Alexander Calder's aerodynamic mobiles and monumental stabiles may be well-known fodder to modern art aficionados, but a new show that opened at New York's Dominique Lévy gallery this week is set to surprise even those most familiar with his work. Entitled 'Multum in Parvo', the Latin translation for 'much in little', the exhibition puts over 40 rare miniature sculptures by Calder under the spotlight in a reverent setting, specially designed by the architect Santiago Calatrava.
Spanning more than 30 years and comprised of rarely seen maquettes, models and studies, the smallest of which stands just over an inch high, the exhibition is an unreal presentation of Calder's recognisable style and methodology. In spite of the works' diminutive scale, no detail has been sacrificed. Tiny models made from coiled coloured wire share similarities with Calder's recognisable jewellery pieces, and are both delicate and robust at the same time. Intricate constructions, such as 'Eight Black Dots' (1950) and 'Untitled' (1947) articulate a profundity, despite only being made from painted sheet metal and wire. Small-scale stabile studies, which Calder often made as part of early proposals for clients, buoy and move just as their life-size counterparts would do. There are six of these in the show, including a model for the artist's submission to the Smithsonian Gallery of Art in Washington D.C. in 1939, made from wood, wire, lead and metal. They are being exhibited together for the first time in 15 years.
'For me, Calder is the only artist who's been able, over and over again, to go from the miniature to the monumental, and the monumental to the miniature, to the point of wondering, "is miniature not monumental"? This is really what we wanted to share with you in this exhibition,' the gallerist Lévy says.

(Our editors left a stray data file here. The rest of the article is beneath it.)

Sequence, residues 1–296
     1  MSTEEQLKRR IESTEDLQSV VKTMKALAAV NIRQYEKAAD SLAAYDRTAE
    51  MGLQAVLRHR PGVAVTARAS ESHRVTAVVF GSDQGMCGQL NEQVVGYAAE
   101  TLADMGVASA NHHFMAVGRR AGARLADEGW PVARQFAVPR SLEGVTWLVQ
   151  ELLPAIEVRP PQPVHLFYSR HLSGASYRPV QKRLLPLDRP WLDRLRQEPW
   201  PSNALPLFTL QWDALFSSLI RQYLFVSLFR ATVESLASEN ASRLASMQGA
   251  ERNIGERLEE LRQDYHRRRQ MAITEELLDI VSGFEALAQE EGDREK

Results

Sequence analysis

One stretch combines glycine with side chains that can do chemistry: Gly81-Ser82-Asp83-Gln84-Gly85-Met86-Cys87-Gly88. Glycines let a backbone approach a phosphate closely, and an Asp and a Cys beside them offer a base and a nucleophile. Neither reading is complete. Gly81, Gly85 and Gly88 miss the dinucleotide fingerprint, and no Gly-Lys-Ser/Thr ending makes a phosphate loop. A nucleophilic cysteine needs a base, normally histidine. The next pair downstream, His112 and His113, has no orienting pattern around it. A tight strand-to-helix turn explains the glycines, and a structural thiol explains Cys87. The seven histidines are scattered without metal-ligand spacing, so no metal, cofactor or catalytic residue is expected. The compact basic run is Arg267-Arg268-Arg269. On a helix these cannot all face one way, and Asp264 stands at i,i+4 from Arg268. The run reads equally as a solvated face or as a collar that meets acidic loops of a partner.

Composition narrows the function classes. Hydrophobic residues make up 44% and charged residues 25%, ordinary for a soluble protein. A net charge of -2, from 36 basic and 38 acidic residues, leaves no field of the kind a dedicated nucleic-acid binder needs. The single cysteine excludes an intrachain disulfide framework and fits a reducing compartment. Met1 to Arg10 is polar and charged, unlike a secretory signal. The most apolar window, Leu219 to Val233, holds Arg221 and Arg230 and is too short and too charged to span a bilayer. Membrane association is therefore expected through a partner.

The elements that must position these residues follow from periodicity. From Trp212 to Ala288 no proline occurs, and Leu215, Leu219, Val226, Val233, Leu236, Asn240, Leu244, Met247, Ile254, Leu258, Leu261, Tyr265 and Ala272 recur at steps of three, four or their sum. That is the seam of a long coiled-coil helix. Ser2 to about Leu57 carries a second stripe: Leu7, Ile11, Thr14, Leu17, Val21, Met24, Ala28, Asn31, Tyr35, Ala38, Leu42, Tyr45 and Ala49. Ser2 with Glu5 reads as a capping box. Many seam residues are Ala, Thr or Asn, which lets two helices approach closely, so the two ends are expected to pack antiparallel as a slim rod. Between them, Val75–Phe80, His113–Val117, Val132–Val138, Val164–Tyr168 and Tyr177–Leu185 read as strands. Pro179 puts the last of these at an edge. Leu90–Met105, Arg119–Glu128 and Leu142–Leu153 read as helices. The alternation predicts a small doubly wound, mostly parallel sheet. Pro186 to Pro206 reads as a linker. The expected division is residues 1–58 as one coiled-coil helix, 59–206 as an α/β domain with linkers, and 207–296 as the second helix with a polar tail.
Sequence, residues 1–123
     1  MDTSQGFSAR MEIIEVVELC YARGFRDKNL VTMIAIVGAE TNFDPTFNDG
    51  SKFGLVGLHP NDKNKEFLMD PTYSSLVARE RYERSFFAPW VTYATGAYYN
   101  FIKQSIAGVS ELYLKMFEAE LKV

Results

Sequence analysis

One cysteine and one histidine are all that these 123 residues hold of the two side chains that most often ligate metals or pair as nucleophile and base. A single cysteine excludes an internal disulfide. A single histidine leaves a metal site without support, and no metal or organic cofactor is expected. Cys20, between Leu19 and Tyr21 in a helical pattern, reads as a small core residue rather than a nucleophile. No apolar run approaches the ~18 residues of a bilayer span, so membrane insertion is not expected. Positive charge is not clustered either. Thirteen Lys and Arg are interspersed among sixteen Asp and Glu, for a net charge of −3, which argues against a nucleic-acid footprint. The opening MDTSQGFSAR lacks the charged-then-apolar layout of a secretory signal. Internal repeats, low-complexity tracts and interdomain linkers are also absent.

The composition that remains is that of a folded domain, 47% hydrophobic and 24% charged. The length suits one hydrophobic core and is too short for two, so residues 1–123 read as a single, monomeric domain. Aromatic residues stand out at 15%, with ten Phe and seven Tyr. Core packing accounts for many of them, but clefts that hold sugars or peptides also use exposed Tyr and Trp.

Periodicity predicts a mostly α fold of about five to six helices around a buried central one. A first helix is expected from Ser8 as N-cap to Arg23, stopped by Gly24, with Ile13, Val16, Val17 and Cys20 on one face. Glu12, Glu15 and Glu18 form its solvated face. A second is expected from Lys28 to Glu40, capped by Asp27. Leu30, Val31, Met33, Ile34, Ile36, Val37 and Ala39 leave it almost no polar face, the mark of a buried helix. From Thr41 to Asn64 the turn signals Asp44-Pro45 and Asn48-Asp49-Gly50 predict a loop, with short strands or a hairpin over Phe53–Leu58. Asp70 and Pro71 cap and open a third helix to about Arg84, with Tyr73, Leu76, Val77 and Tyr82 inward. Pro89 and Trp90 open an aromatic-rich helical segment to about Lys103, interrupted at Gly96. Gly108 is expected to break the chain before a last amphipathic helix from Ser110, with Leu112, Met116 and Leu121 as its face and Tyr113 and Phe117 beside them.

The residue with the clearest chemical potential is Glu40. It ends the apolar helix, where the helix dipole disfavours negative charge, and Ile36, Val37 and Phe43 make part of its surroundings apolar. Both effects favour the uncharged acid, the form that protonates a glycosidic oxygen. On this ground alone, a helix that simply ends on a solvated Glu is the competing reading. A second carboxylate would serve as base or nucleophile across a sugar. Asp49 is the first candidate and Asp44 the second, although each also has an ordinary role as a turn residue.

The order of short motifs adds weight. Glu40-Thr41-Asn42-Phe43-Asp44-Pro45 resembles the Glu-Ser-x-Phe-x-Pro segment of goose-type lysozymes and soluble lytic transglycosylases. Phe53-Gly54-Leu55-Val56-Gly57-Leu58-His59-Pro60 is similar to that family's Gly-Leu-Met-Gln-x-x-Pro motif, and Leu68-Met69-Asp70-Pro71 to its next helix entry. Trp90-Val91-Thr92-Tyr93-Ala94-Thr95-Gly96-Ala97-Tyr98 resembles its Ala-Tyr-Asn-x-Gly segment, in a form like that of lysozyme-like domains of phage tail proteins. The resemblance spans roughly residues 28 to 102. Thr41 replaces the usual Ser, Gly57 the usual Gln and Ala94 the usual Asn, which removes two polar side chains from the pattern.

'Intimacy to me was essential. We were fortunate with the size of these rooms because they are not monumental. There's an incredible joie de vivre and tenderness on display. What I really wanted is [for visitors] to feel the power of the small works so that you actually forget that the works are small, because they're far from.'
To make the most of the differences in scale, Calatrava and his son, Gabriel, created an abstract curvilinear landscape that divides both floors of the gallery's space. It's meandering form harks back to the mid-century architectural aesthetic that prevailed during the sculptures' creation. The larger works are each displayed on elegant mirrored plinths that balance on top of thin poles which emerge from this setting, allowing viewers to examine their assembly from all angles and up close. In contrast, the tinier thumb-sized sculptures are exhibited in mirrored glass cases, where they can still be admired closely, albeit from a safe distance away.
'We have chosen to deal with the space in a way that the objects are not only tangible, but they are also visible in all directions. They grow around us, as architecture does,' says Calatrava, whose artistic approach to engineering and architecture mirrors Calder's engineering approach to art. Sculptures and environment combined, 'Multum in Parvo' is an inspiring, heartfelt tribute to Calder's enduring legacy.